- An organism whose nicche is dependant on a close association with a larger host organism.
- i.e.- white tailed deer and a brainworm
What is competition?
- When two or more organisms compete for the same resource, in the same location at the same time.
- i.e.- lizard and a crocidile
What is sustainable use?
Use that does not lead to long term depleation of a resource or affect the diversity of the ecosystem from which the resource is obtained.
What is doubling time?
The period of time that is required for a population to double in size
What is an ecological footprint?
A measure of the impact of an individual or a population on the environment in terms of energy consumption, land use, and waste production.
What is unsustainable?
A pattern of activity that leads to a decline in the function of an ecosystem.
What is sustainability?
Use of the Earth's resources, including land and water, at levels that can continue forever.
What are ecosystem services?
The benifits experienced by organisms, including humans, that are provided by sustainable ecosystems.
What is desertification?
The change of non-desert land into desert, which may result from climate change or from unsustanable farming or water use.
What is ecotourism?
A form of tourism that is sensitive to health of an ecosystem and involves recreational activities provided by sustainable ecosystems.
What is Biodiversity
The number and variety of organisms found in a specific habitat
What is Protect
To legally guard from harm a species that is listed as endangered, threatened, or of special concern
What is a Biodiversity Hotspot
- A place where there is an exceptionally large number of species in a relatively small area
- i.e.- tropical areas
What is a Community
All the populations of the different species that interact in a specific area or ecosystem
What is a Dominant Species
- A species that is so abundant that it has the biggest biomass of any community mmembers
- i.e - primary producers (needed in ecosystems)
What is a Keystone Species
- A species that can greatly affect population numbers and the health of an eecosystems.
- i.e. - classic keystone species would be small preditors preventing herbivores eliminating plants.
What is Captive Breeding
- The breeding of rare or endangered wildlife in controlled settings to increase ppopulations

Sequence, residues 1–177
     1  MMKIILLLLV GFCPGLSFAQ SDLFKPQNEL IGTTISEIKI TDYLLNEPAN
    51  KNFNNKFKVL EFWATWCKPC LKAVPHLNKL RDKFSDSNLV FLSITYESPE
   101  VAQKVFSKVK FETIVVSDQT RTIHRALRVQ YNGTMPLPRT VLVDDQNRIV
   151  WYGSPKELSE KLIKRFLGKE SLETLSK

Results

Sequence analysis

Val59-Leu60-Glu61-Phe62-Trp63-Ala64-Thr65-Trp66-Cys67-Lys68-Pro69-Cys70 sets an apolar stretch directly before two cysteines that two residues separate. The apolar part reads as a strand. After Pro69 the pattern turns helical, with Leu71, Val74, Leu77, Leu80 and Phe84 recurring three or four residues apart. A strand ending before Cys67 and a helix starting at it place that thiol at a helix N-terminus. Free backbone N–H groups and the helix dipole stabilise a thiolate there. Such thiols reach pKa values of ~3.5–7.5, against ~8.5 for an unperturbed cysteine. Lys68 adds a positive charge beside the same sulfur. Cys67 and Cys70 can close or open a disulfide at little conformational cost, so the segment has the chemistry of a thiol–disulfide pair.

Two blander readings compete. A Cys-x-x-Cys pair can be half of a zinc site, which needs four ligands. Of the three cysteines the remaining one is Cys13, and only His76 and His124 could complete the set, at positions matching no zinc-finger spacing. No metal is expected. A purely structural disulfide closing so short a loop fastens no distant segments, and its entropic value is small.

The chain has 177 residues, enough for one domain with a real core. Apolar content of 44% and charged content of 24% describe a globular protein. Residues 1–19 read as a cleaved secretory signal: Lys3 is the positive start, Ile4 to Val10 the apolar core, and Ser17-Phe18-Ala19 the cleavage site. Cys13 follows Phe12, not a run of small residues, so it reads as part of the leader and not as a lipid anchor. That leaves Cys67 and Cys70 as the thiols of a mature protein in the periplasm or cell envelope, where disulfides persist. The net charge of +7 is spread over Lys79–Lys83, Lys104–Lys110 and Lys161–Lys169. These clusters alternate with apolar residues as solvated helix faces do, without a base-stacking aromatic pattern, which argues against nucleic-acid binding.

- i.e. - seahorses are captive bred to increase population.
What is an Ecosystem Engineer
- A species that causes such a dramatic changes to landscapes that it creates a new eecosystems
- i.e. - beavers (streams into aquatic ecosystems)
What is Succession
The series of changes in ecosystems that occurs over time following a disturbance
What is Habitat Loss
The destruction of habitats, which usually results from human activities
What is Deforestation
The practice of clearing forests for logging or other human uses, and never replanting them
What is an Alien Species
- A species that is accidentally or deliberately introduced to a new location, usually as a result of human activity
- i.e. - zebra mussels
What is an Invasive Species
- A species that can take over the habitat of native species or invade their bodies
- i.e. - kudzu (refer to picture below)
What is Overexploitation
The use or extraction if resources until it is depleted
What is Extinction
The death of all individuals of a species
What is a Biodiversity Crisis
The current accelerated rate of extinctions on Earth
What is Restoration Ecology
The renewal of degraded or destroyed ecosystems through active human intervention
What is Reforestation
The regrowth of a forest, either through the planting of seeds or trees in an area where a forest was cut down
What is Biocontrol
The use of a species to control the population growth or spread of an undesirable species
What is Bioremediation
The use of living organisms to clean up contaminated areas naturally.
What is Bioaugmentation
The use of organisms to add essential nutrients to depleted soils